Working in Italy

New opportunities thanks to the tax incentives for new resident workers

Italy, in the last five years has become, year after year, a better place to work. As a matter of fact, during the last governments, some new fiscal incentives were introduced in order to make Italy an attractive working place not only for workers, Academics and researcher, but for every kind of worker.


Let’s see, at a glance, how does it work the Italian fiscal law, what it is necessary to do in
order to work in Italy and what opportunities Italy is offering to the international workers.
As specified in others contribution the first condition to satisfy is, can I go to work in Italy? If the worker is an EU citizen, the answer is yes (the Italian municipalities, with minimum variations ask an health insurance valid in Italy and to declare to have sufficient economic resources). Instead, if the worker is an extra EU citizen, it depends and the answer needs a case by case analysis (necessary visa, residence permit,…).
From a fiscal point of view a first key point is to determine when a worker is an Italian tax resident individual. Indeed, an Italian tax resident individual is subject to the Italian income tax on his worldwide income, meanwhile a non Italian tax resident, only on his Italian Income (as defined by the article 23 of the D.P.R. No.917/1986, hereinafter also “TUIR”).
An Individual is considered Italian tax resident if for the greater part of the calendar year (the so called “183 rule”):

  • Is registered in the registry office of the municipality where the individual lives; or
  • has the residence or domicile in Italy, as defined in the Civil Code (domicile is the place where an Individual has the centre of vital and business interests and residence means the location where an individual has his habitual abode)work as employee or self-employed worker in Italy for the greater part of the calendar year;

The Italian legislation on tax residence must be coordinated with the Double tax treaty signed by Italy with several countries.Broadly speaking, the incomes deriving by working activities is taxed by the Italian income tax named IRPEF. IRPEF has progressive rates from 23% to 43%, depending from tax brackets. The above mentioned tax rates may also be increased by local and regional surcharge. The taxable base is the 100% of the working income with several deductions and allowances.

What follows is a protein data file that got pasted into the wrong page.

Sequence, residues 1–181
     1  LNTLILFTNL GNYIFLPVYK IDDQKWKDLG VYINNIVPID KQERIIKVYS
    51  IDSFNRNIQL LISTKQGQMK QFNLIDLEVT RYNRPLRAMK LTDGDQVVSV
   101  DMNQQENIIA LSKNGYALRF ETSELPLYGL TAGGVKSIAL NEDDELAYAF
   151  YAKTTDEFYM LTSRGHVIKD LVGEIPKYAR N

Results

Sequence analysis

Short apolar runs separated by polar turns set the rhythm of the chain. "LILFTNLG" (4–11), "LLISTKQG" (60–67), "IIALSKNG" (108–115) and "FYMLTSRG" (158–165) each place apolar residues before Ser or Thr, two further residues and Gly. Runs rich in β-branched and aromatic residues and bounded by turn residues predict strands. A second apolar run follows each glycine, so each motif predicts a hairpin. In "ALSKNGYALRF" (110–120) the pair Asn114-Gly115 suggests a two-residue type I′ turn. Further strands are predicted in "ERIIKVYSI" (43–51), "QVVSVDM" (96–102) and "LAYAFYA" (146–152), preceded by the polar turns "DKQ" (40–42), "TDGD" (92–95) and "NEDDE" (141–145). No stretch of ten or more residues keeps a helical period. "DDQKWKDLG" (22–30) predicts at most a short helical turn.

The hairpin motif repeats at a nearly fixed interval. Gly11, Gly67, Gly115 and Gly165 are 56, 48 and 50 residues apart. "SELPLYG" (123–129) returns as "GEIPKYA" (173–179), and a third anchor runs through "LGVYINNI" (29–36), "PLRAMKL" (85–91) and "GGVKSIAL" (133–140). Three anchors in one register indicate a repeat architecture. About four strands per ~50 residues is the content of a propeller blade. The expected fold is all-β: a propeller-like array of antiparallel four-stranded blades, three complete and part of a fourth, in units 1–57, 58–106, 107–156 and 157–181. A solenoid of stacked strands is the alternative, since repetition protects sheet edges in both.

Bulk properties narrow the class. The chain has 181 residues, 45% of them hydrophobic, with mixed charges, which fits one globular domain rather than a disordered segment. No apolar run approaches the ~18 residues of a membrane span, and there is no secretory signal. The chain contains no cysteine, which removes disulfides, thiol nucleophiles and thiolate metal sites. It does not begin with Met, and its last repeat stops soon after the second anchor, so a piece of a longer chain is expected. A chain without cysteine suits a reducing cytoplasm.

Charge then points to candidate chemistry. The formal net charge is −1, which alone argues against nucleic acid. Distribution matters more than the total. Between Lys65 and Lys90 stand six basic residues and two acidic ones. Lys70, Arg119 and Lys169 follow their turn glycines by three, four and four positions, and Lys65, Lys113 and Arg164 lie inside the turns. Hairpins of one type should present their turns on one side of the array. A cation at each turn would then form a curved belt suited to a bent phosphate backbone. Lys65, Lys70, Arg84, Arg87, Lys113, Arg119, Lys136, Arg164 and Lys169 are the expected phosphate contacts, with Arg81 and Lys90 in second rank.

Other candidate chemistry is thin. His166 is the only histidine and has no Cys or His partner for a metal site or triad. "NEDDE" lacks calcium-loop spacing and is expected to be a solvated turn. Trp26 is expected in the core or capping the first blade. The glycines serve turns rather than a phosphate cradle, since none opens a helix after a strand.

Italian tax resident individuals and also the non residents (only for Italian incomes) must yearly file the Tax return and pay the due taxes.
Italy, as anticipated, has two special fiscal regimes for new Italian resident individuals, the first one, also known as “Regime Impatriati” is dedicated to every kind of worker (Article 16 of Legislative Decree 14 September 2015, no. 147), instead the second one is only for academics and researchers (Article 44 of Law Decree 31 May 2010, no. 78).
The Regime Impatriati, after several legislative amendments, has a few requirements to satisfy in order to apply:

  • be not Italian tax resident in the two calendar years previous to the transfer;
  • make a commitment to be Italian tax resident for at least two fiscal years.

Thanks to the clarifications given by the Italian Financial Administration in the circular newsletter no. 33/2020, the citizenship is not an issue in order to apply to the fiscal regime of the article 16, paragraph 1, D.Lgs. no. 147/2015.

The Regime Impatriati grants to the applicants, for five years, a tax exemption of 70% on the domestic income deriving from working activities. The exemption is equal to 90% if the individual is resident in the South of Italy (Abruzzo, Molise, Campania, Puglia, Basilicata, Calabria, Sardinia, Sicily).
If the worker, has an underage child or buy a residential property can extend the regime for other five years (with an exemption of 50% no matter where is resident). If the worker has three children, the exemption, during the second five years amounted to 90%. There is also a special regime, with different conditions, for professional sportsmen.

The second special tax regime is dedicated to Academics and researchers that:

  • have performed their activities outside of Italy at public or private universities or research
    centres for at least two consecutive years;
  • transfer the fiscal residence in Italy in order to perform the above mentioned activities in Italy.

This special fiscal regime lasts for six years and grants an exemption of 90% on the domestic income derived by those activities.
If the applicant purchases a residential property or has children the regime can lasts 8 years, 11 or 13.
The two special regimes are really complex and the application need, especially for remote workers, a case by case analysis. In some situation is necessary to send a proper ruling to the Italian Financial Administration in order to obtain the green light. As specified above, must be analysed the situation before/after the change of the fiscal residence in order to understand the consequences in Italy and also in the previous country of fiscal residence. If it is possible, the best way is to plan the change of residence with fiscal advisors in both the countries.
It needs to be underlined that the worker must comply also with the social security contribution laws and with all the specific laws dedicated to every kind of activities.

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